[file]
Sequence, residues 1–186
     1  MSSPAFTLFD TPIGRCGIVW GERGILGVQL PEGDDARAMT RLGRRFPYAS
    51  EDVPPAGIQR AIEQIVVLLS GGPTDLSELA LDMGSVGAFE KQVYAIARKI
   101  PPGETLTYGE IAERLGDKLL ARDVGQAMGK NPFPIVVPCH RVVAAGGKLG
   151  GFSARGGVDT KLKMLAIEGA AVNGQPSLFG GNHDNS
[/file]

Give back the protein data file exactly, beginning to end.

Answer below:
Sequence, residues 1–186
     1  MSSPAFTLFD TPIGRCGIVW GERGILGVQL PEGDDARAMT RLGRRFPYAS
    51  EDVPPAGIQR AIEQIVVLLS GGPTDLSELA LDMGSVGAFE KQVYAIARKI
   101  PPGETLTYGE IAERLGDKLL ARDVGQAMGK NPFPIVVPCH RVVAAGGKLG
   151  GFSARGGVDT KLKMLAIEGA AVNGQPSLFG GNHDNS